The University of Houston Libraries announces the winners of the 2015-2016 Microgrant Program.
The program, now in its 7th year, was created to foster new and innovative ideas in support of the Libraries’ Strategic Directions and the University’s Strategic Initiatives.
Librarians and staff submitted proposals for new services and programs which would benefit teaching, learning and research objectives of the UH community, and will work in cross-departmental teams to implement their ideas.
The UH Libraries Microgrant Program winners for 2015-2016 are:
Project title: LinkedIn at the Library
Esmeralda Fisher (project lead), Mauricio Lazo, Kelsey Brett, Alex Simons
LinkedIn is a powerful career and networking tool, yet many students who are seeking internship or full time job opportunities do not use it properly or at all. LinkedIn at the Library will give students a chance to improve their LinkedIn profile, and learn ways to build professional connections in the online space. Staff volunteers from the Libraries and University Career Services will assess students’ LinkedIn profiles and offer suggestions on ways to improve it. Professional portraits will be offered, which students can upload to their profile. Career Services and Libraries information will be distributed, and there will be opportunities for students to sign up for career-related tech training offered at the Libraries.
Project title: Walk and Learn for Wellness
Kelsey Brett (project lead), Marissa Aiello, Melody Condron, Lisa Martin, Porcia Vaughn
The project will consist of two parts. Part one is a walking challenge to be held in the fall. Part two is a wellness discussion series to be held in the spring.
An eight-week wellness program, Walk Across Texas, will be used in fall 2015 to motivate library employees to explore wellness in their work environment. The Walk Across Texas program, from Texas A&M Extension, focuses on team-based walking challenges.
The microgrant project for the walking challenge involves publicizing the walking challenge, signing teams up, holding a kickoff event, monitoring the challenges and providing feedback to teams, announcing winners, and hosting a final event to celebrate participants. Pedometers will be provided for every staff member and student worker. In spring 2016, the project team will hold approximately four Lunch and Learn workshops focused on wellness. Targeted discussion topics include nutrition, ergonomics, stress reduction for student workers, healthy activities, and other work-life balance topics.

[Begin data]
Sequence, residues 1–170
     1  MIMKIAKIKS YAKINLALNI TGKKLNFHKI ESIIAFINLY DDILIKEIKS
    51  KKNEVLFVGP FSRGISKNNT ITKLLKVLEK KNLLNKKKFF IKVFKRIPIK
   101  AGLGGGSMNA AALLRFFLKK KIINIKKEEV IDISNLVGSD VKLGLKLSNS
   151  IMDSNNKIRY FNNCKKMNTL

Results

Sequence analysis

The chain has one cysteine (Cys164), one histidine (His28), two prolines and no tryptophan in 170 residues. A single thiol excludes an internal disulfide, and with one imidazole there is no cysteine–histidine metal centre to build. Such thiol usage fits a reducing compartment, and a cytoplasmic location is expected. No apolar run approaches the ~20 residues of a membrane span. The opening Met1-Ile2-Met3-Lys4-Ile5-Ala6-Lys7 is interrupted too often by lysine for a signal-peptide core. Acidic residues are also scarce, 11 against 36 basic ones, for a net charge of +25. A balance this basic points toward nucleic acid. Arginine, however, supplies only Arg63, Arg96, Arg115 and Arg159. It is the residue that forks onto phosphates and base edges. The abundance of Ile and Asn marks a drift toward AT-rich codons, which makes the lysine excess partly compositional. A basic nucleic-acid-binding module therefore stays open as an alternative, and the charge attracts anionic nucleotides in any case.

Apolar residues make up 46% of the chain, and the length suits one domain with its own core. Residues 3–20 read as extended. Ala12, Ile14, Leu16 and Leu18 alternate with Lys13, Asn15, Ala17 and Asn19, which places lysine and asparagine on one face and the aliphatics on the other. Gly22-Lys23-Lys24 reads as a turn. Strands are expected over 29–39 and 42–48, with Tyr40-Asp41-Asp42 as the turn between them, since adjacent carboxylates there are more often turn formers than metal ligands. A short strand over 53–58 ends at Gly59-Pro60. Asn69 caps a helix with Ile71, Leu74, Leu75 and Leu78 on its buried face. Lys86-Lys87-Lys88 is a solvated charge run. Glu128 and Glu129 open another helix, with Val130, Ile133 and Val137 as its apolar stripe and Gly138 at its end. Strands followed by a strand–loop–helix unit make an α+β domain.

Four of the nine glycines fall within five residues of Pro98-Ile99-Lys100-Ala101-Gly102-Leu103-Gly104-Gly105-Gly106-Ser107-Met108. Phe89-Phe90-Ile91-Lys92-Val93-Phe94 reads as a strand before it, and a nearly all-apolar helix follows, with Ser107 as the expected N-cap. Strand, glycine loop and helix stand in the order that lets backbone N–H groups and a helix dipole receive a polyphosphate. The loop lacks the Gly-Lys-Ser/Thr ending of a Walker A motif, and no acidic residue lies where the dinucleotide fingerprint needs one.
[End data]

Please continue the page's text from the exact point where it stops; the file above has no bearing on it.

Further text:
Project title: Information and Access Services Student Empowerment Project
Margaret Dunn (project lead), Lee Hilyer, Nora Dethloff
This project will consist of hosting various events for the student workers employed in the Libraries’ Information and Access Services department. The students will be invited to events featuring an employee of other Libraries departments in order to learn more about how the Libraries functions.
Project title: African American Read-In
Rachel Vacek (project lead), Jesse Sharpe, Julie Grob, Andrea Malone
Since 1989, the Black Caucus of the National Council of Teachers of English has sponsored the National African American Read-In. UH Libraries will host a Read-In for which students, staff and faculty can sign up to read self-selected book passages, articles, poetry, speeches, and other works written by African Americans. The Libraries will identify unique materials from Special Collections and the stacks to inspire those in search of reading material.
University of Houston Libraries has implemented new features in OneSearch to improve access of online resources.
- Users now see a simple search interface that makes it easy to locate resources.
- A new e-Shelf option allows signed-in users to permanently save items from search results for later reference. In the results list, click the e-Shelf button next to the title of the resource.
View your saved items by clicking the e-Shelf tab on the top right menu.